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Re: User-space probes: Plan B+

On 24 Aug 2006 18:13:24 -0700, Jim Keniston <> wrote:
Here's where we stand on user-space probes (uprobes).  The intent of
uprobes is to enable application developers to create low-overhead,
dynamic instrumentation for their apps, with uprobes-based
instrumentation interoperating usefully, as needed, with kprobes-based
instrumentation.  Comments are welcome.

Recent History
Last spring, Prasanna Panchamukhi offered up a kernel-only approach,
where instrumentation would be coded as a kernel module, a la kprobes.
This performed well (e.g. 1 usec per probepoint hit on my Pentium M),
but we got bad reviews on such things as the kernel-only approach
and the per-executable tracing (e.g., hooking read_page(s)).

I tried an approach based on ptrace, with no kernel enhancements, but
it lacked certain necessary features (e.g., #2-5 below), probe overhead
was 12-15x worse than Prasanna's approach, and I couldn't get it to
work when probing multiple processes.  (Frank Eigler independently
suggested this approach and termed it "Plan B from outer space.")

is 12-15x worse than the current solution used in strace?

While I was stumped trying to make Plan B work, Roland McGrath made
utrace available to us.  We looked this over as we found the time,
and it looked promising.

There has been much debate within the kprobes teams about the proper
programming model to support.  Discussions at OLS didn't yield many
new ideas, let alone consensus.

The Current Approach: Overview
The approach we are now coding can be summarized as follows.  (Okay,
it's not much like Plan B, but B+ sounds better than C.)

a. A system-call API that is an alternative to ptrace, provides
better support for probepoints and return probes, and exploits all
the process-lifetime events made accessible by utrace.

b. The "tracer" process detects events (e.g., probe hits) by polling
rather than catching SIGCHLD signals.

c. Hooks to allow kernel-mode instrumentation to cooperate with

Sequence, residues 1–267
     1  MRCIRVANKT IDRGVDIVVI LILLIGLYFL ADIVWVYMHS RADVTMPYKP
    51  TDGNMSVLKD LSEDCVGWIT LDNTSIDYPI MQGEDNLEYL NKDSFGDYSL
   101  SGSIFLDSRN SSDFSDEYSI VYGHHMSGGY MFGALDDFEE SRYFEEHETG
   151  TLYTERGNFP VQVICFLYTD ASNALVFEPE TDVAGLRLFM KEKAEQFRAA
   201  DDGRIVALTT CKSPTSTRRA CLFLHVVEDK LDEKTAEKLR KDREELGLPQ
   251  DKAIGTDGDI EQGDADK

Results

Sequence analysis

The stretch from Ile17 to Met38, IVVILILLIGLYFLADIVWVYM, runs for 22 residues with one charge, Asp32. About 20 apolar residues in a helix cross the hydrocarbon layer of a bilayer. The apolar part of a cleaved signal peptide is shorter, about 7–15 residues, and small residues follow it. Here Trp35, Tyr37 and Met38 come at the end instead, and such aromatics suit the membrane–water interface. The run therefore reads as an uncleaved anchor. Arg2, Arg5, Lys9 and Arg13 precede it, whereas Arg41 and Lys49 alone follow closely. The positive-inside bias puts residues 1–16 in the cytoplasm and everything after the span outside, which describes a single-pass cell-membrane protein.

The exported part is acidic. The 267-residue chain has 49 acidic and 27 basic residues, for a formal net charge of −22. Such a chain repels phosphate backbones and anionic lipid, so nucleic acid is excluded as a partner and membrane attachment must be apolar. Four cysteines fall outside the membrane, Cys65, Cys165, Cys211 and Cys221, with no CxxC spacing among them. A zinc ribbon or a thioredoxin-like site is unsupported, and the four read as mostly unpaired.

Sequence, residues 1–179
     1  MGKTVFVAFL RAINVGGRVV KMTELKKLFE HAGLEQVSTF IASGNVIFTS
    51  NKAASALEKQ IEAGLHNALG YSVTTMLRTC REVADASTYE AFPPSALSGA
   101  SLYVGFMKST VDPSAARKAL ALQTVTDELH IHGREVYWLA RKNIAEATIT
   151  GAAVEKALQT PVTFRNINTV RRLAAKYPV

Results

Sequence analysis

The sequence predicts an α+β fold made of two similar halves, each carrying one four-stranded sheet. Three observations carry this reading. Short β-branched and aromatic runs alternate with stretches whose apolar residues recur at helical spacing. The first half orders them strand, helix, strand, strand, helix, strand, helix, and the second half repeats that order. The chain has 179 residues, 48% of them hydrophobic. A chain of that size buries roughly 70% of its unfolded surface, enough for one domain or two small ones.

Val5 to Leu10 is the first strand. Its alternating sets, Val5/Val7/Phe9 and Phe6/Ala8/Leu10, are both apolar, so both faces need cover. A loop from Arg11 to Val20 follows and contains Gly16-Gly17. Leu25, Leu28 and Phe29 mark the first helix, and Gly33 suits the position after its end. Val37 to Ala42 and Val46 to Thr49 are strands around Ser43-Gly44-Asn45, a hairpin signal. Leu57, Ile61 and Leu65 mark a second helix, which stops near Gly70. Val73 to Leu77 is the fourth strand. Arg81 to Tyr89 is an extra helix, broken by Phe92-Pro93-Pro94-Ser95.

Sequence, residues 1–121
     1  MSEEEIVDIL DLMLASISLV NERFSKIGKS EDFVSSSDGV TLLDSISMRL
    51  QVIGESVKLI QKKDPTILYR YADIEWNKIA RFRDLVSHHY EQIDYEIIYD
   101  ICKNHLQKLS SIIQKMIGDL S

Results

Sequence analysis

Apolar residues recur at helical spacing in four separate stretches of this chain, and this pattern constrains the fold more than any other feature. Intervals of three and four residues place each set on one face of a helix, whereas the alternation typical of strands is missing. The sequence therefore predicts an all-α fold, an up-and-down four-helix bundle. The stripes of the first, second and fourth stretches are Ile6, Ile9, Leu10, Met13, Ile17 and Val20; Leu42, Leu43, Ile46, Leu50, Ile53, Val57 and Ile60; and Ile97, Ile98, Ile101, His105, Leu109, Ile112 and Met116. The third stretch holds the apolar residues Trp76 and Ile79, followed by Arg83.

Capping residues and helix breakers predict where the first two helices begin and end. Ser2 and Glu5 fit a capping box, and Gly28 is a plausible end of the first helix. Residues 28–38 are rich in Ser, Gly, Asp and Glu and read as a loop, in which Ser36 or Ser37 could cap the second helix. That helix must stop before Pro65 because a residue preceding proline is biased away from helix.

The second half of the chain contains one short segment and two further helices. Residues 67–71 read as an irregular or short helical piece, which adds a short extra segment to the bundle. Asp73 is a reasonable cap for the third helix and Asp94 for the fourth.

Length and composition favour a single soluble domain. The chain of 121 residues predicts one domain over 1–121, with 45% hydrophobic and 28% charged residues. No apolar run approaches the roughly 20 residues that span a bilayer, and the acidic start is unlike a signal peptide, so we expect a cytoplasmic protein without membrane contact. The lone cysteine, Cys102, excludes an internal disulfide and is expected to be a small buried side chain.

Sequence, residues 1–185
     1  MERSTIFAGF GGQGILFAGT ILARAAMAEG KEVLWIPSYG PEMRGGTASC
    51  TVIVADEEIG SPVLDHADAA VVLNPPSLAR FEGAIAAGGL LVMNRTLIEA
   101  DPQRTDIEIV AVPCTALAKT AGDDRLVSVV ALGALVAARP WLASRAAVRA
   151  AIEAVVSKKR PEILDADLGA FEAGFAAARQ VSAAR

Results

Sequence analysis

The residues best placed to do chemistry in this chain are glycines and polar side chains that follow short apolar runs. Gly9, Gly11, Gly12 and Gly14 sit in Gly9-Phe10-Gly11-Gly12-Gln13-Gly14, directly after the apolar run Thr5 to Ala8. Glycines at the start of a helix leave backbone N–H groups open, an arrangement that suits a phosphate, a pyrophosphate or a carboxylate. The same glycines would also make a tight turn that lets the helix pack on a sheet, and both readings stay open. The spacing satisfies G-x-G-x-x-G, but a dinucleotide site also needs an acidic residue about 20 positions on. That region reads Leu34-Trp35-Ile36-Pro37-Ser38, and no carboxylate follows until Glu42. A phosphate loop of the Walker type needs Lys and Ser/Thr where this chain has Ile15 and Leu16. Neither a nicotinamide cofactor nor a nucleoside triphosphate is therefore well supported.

user-mode "tracer" processes.

Here are the requirements we will satisfy with this approach.

0. Per-process (not per-executable) tracing.

1. Instrumentation can be coded entirely as a user-space app...

sounds like a nightmare waiting to happen, if i want to trace something from userland into the kernel and back, i start writing userland code, then into kernel code, and quite possibly having kernel code access variables and statisics stored in userland, meaning lots of checks that the user remembers to call the routines that safely move data back and forth between the two?

how is this better than just enhancing a debugger such as gdb? how are
stacks dealt with, since you quite possibly having one process
investigate another, if you don't get everything perfect the program
being watched can corrupt the data of the second?

2. ... but in situations where performance is critical, uprobes can run a named kernel handler without waking up the tracer process.

now if we start out coding our script to only work in userland, then
all of a sudden we decide we need better performance, we have to go
back and recode parts to work in kernel land and quite possibly break
our algorythms that were talking to kernel land, or probes in the
kernel that accessed userland data that just moved back into the

3. A user-mode tracer can invoke a previously registered kernel-mode
handler, so we have simple and efficient communication between user-
and kernel-mode instrumentation.

how do you keep a userland program from exploiting systemtaps arcutecture and executing kernel probes from other active systemtap scripts, isn't this a huge back door for rootkits especially once people start using systemtaps methods for monitoring systems continuously?

4. Multiple tracer processes can trace the same tracee.

5. As needed, we can "pre-define" a set of useful kernel handlers.

6. Uprobes can be easily extended (exploiting utrace) to support
notifying the tracer of non-probepoint events in the probee,
such as signals and system calls.

7. The user API should be easier to use than the ptrace API.

8. Handlers run in process context -- the tracee's context (see
requirement 2) or the tracer's context while the tracee is stopped
(see requirement 3).

stack corruption or even slight stack placement differences, would serverly limit the usefulness of the solution, it will have the same effect as debugging an app in gdb, the app only breaks when the userland debugger is not running.

James Dickens

A typical tracer app would do the following:

- Call uprobe_register() to establish a probepoint and be notified
(or run a kernel handler) when the probepoint is hit.

- Call uprobe_poll() repeatedly to poll for, and handle, events.
(A tracing app would have to spawn multiple threads to trace
multiple processes.)

- Whenever appropriate, call uprobe_run_khandler() to interoperate
with kernel-side instrumentation.

- Call uprobe_unregister() to cancel uprobes.

Apart from implementing kernel-side support for uprobes, the only
addition to the kernel API is a register_khandler() function that takes
a name, handler, and access-permission info.  (The handler takes,
as optional args, pointers to a uprobe object and an arbitrary,
user-defined data area.)

User API
A summary of the user-side API is attached.


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